2020 H.A Krentz Research Award
Ph.D., P.Eng., F.CSCE, F.SEI
Professor of Structural Engineering
Department of Civil and Environmental Engineering
University of Alberta
Artificial Intelligence Applications for Advancing the Canadian Steel Construction Industry
During the last 20 years, ground-breaking advancements in computer hardware, data science, and artificial intelligence technologies, such as artificial neural networks, genetic algorithms, machine learning, big data and data mining, and optimization algorithms have made possible huge advances for many industries, helping them become more efficient and competitive. In industries like finance, transportation, and logistics, artificial intelligence has revolutionized procedures and allowed these industries to tap into new revenue streams. Artificial intelligence is a key technology used to analyze, understand, and ultimately benefit from data. In the steel construction industry, it can be used to enhance and accelerate decision-making for stakeholders, making processes more efficient, increasing competitiveness, and furthering sustainability objectives—aiding, rather than replacing, decision makers. Although many of these advanced technologies are now well understood, limited applications exist in the steel construction industry, but there is ample opportunity for fabricators to enhance outcomes by providing them with tools to automate workflows and increase efficiency, quality, cost effectiveness, and safety.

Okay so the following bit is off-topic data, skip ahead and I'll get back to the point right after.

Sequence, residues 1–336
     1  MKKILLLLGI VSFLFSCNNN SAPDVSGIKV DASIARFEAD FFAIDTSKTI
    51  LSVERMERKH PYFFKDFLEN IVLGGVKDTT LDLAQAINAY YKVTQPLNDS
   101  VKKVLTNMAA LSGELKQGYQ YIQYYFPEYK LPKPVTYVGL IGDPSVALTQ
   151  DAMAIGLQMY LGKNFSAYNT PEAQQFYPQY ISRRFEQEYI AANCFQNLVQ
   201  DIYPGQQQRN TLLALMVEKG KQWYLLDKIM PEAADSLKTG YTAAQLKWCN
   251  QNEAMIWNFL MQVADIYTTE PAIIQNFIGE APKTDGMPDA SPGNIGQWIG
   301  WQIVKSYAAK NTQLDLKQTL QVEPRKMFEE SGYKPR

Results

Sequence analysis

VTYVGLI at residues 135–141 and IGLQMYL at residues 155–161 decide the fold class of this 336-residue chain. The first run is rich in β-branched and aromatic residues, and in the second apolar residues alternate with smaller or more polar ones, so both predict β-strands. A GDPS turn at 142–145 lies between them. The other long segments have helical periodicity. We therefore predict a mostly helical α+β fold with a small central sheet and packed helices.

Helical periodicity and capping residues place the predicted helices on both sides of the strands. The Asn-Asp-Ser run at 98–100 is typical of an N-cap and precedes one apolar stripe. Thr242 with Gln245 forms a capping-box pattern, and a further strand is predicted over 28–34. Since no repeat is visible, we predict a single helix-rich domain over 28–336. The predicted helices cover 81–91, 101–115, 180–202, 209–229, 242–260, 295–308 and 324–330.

The proposed research project aims to incorporate emerging technologies from the fields of computer and data science into structural steel design and fabrication. This project is the first of its kind in the Canadian steel construction industry, implementing artificial intelligence technologies and data science techniques to the design and fabrication of structural steel connections, accounting for inventory management, one- and two-dimensional cutting, and fabrication operations. The investigation to be carried out under this CISC research grant constitutes the initial exploratory phase of a major multi-year multi-disciplinary research initiative, and is split into three main themes: (1) steel connection design optimization; (2) cutting and value-added shop operations; and (3) inventory management during the optimization processes for multiple concurrent projects.
After a six year career as a structural engineer in industry, Dr. Robert Driver, P.Eng. earned a Ph.D. from the University of Alberta in 1996. Thereafter, he joined the faculty at Lafayette College in Easton, PA. He returned to the University of Alberta in 2000 where he is currently a professor in the Department of Civil and Environmental Engineering. His primary research interests pertain to the design and behaviour of steel structures, including topics such as bolted and welded connections, plate walls, high performance steel, rehabilitation, composite columns, and behaviour under extreme loading.